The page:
Vaughan has caught some flack from people who think he's implying there's
something wrong with women if he thinks this is what would happen in a
world run by them. His response was that, if the situation were reversed
and all the women died, he figures it would take about ten minutes for
the remaining men to nuke each other into little glowing smithereens,
so this is really the better scenario (and makes
for a slightly more readable story).
This initial volume, which collects the first five issues of the comic series, sets
up the situation and assembles our cast of characters: Yorick; his Mom,
a U.S. congresswoman; Alter, an Israeli soldier (Israel being one of the few armies that has allowed women in combat roles for
many years) whose motives are still uncertain; #355, a U.S. government
agent who is charged by the new Madame President with protecting Yorick's
life, against her wishes; and Dr. Allison Mann (heh),
a scientist whose work with cloning and artificial insemination make her
the best chance of continuing the species: but might just be responsible
for killing off the men in the first place.
The art by Pia Guerra is good; it didn't blow me away, but it's better than average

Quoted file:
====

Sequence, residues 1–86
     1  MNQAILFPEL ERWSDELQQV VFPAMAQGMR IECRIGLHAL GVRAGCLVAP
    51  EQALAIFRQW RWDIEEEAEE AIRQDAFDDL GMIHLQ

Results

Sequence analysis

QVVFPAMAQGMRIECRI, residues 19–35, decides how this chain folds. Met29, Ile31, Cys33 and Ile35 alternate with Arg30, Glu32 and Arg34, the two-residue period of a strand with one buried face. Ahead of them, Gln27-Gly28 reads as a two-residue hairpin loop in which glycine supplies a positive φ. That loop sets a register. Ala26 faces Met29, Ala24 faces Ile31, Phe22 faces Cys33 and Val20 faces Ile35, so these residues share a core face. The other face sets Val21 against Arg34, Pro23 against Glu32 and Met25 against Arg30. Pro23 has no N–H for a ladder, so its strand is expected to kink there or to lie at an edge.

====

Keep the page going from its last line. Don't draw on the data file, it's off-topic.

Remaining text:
and improving every step of the way, with some truly horrifying images
in the last chapter, where it's revealed that Yorick's sister, Hero, has
joined the Amazons (did I mention they cut off their
left breast? Double ouch!) and, without realizing it, been given
the job of finding and killing her brother.
The writing is also quite good, but not perfect. Vaughan does a great job with imagining
the dark, dystopian, yet logical world (the toughest part of a book like this), and he's certainly got years worth of
story possibilities here, including hints that a space station crew might
still be alive: and one would imagine there are a couple men on it. The
supporting characters are intriguing; my biggest problem is with the characterization
of Yorick himself. He's just entirely too noble. All he wants is to get
to Australia, where is fiancee is, so he can marry her and repopulate